The majority of solar photovoltaic cells, or PV cells, are made using silicon crystalline wafers. The wafers can be one of two main types, monocrystalline (mono), or polycrystalline (poly) also known as multi-crystalline. The most efficient type is monocrystalline which are manufactured using the well known Czochralski process. However, more recently heterojunction or HJT cells have become more popular due to the increased efficiency and improved high temperature performance as explained below.
How are silicon PV cells made?
Silicon is first extracted from a specific type of sand known as silica sand, or silicon dioxide, which is usually made from crushed quartz rock.
A number of different manufacturing processes are required to crystalline silicon solar cells starting from a raw material called Quartzite, which is a form of quartz sandstone rock. First, Quartzite or silica sand is converted into metallurgical grade silicon by combining Carbon and Quartzite in an arc furnace. This process occurs at very high temperatures and results in 99% pure silicon. Next, the metallurgical grade silicon is converted into Polysilicon using either a chemical purification process called the Siemens process, or upgraded metallurgical-grade silicon (UMG-Si) using a number of more economical metallurgical processes being developed.
At this stage, we have a form of pure polycrystalline silicon which can be doped with trace amounts of either boron or phosphorous to become either P-type or N-type polysilicon. To make polycrystalline wafers, the doped silicon is melted and cast into large rectangular blocks before being thinly sliced using a diamond wire cutter to produce the polycrystalline or multi-crystalline wafers. The wafers can then be coated with a very thin layer of either P or N-type to form the PN-junction (photovoltaic cell).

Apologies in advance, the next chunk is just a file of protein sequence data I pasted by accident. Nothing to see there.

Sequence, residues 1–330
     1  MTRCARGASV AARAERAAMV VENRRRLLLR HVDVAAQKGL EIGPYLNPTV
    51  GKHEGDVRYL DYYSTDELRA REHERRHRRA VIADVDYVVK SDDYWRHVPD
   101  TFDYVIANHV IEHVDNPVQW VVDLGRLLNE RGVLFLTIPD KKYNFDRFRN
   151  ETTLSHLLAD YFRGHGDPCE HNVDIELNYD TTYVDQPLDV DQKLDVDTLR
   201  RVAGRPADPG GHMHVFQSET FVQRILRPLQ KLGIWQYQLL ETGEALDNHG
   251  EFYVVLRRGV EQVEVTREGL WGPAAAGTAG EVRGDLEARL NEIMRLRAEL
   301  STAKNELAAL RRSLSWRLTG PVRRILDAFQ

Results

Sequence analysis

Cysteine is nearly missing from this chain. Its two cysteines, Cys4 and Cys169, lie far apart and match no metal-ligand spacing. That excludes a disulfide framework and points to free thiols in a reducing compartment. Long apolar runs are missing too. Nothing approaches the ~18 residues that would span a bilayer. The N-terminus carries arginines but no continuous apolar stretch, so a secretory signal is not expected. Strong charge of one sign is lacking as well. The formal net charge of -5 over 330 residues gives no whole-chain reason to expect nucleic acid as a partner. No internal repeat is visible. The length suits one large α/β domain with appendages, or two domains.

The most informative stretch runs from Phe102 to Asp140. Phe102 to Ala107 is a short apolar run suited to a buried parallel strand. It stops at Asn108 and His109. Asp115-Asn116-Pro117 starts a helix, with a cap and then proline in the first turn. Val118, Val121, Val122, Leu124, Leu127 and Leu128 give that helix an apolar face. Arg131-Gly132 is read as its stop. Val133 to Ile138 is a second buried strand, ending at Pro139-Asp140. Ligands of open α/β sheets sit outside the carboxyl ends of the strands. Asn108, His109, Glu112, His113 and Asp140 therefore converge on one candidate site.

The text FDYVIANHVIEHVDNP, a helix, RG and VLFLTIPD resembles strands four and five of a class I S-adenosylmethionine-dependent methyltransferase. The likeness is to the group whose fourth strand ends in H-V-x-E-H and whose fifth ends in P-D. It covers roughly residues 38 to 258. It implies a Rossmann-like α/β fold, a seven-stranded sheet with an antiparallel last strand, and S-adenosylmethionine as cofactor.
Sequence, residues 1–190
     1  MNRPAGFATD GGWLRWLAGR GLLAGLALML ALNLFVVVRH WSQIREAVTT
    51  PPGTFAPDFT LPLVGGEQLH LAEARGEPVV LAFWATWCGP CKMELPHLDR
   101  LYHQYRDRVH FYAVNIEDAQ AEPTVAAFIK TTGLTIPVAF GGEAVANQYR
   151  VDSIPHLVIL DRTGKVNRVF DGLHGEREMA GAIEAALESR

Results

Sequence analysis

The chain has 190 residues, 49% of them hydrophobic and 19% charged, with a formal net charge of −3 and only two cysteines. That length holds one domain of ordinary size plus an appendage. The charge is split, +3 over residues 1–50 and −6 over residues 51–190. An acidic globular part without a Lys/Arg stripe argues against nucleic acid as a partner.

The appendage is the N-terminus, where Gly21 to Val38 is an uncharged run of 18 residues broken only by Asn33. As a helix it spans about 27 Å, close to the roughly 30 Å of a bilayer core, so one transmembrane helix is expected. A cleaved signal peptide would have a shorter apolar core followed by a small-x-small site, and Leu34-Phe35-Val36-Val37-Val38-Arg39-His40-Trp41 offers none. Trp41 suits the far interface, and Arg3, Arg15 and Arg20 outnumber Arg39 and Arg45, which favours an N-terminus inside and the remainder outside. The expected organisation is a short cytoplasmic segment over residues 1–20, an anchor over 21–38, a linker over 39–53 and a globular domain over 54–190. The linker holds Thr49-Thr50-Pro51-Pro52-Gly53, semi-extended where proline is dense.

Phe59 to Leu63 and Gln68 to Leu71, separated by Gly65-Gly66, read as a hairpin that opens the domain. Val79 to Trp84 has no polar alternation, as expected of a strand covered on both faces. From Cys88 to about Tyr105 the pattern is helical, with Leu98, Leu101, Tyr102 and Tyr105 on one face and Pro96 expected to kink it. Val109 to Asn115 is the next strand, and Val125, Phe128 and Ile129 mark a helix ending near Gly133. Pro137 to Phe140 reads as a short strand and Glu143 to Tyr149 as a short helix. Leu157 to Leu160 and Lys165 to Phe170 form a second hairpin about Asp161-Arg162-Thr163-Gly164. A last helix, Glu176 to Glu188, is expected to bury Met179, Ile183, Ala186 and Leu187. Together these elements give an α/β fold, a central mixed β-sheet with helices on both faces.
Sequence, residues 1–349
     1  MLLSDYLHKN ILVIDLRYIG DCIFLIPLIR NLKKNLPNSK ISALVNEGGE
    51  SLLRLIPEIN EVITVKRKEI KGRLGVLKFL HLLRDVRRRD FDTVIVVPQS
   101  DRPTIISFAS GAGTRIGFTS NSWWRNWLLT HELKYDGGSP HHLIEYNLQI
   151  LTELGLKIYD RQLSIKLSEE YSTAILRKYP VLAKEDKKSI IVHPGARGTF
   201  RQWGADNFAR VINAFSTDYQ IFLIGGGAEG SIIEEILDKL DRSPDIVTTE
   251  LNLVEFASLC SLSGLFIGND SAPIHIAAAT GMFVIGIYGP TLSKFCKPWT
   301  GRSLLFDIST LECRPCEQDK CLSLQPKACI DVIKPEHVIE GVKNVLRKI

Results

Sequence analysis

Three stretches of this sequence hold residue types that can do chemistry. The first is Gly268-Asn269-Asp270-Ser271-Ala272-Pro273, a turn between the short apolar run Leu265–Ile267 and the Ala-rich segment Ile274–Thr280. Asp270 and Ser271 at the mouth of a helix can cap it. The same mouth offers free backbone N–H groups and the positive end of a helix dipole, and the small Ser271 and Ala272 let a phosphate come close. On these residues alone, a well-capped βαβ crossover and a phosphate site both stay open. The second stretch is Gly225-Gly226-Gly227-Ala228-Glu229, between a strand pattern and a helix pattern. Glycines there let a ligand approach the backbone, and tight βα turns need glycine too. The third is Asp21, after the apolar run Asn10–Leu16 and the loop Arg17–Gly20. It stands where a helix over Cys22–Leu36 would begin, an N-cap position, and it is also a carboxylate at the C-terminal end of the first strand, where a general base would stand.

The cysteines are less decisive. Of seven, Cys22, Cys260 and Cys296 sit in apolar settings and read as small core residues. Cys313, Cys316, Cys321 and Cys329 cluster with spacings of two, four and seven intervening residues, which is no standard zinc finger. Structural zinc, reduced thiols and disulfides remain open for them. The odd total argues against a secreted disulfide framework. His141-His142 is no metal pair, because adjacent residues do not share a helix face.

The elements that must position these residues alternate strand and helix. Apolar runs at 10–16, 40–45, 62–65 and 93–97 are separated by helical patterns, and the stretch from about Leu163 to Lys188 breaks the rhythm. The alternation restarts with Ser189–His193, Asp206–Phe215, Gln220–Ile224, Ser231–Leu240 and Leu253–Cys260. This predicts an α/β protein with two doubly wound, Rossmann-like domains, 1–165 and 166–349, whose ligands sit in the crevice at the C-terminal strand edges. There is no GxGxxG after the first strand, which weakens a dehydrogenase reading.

To manufacture the more efficient monocrystalline wafers, the doped silicon can be drawn into a single solid crystal ingot using the Czochralski process. This process involves melting the polycrystalline silicon under high pressure and temperature to slowly grow a single monocrystalline crystal known as an ingot.
Basic steps to produce monocrystalline PV cells
Silica sand is purified in an arc furnace to create 99% pure silicon
The 99% silicon is further refined to become almost 100% pure silicon
The silicon is doped with boron or phosphorous (P-type or N-type)
The doped silicon is drawn into a solid crystal ingot using the Czochralski process.
The solid round ingot is diamond wire-cut into thin square wafers
The thin base wafer is coated with an ultra-thin layer of either P-type or N-type silicon to form the PN-junction.
The rear side Aluminium surface field or PERC layers are added.
Metallic fingers and anti-reflective coatings are added.
Flat ribbon busbars (as shown) or thin wire (MBB) busbars are added.
P-Type Vs n-Type silicon Cells
All crystalline solar cells (mono and poly) are made using a very thin wafer of base silicon with the two main types being p-type and n-type. These are made when the silicon is ‘doped’ with specific chemical elements to create a positive (p-type) or negative (n-type) charge.
N-type silicon cells are more expensive to manufacture but offer higher performance and a lower rate of light induced degradation, plus an improved temperature coefficient.
The chemical elements used for doping are phosphorous which creates a positive charge and boron which results in a negative charge. Depending on the type of cell construction either n-type or p-type doped silicon is used as the base or 'substrate' of the cell. The vast majority of both mono and multi crystalline cells used today use p-type which has a base of boron doped silicon. At present only a few manufacturers such as LG, Panasonic and SunPower use the more efficient n-type silicon wafers although more companies are starting to develop n-type cells.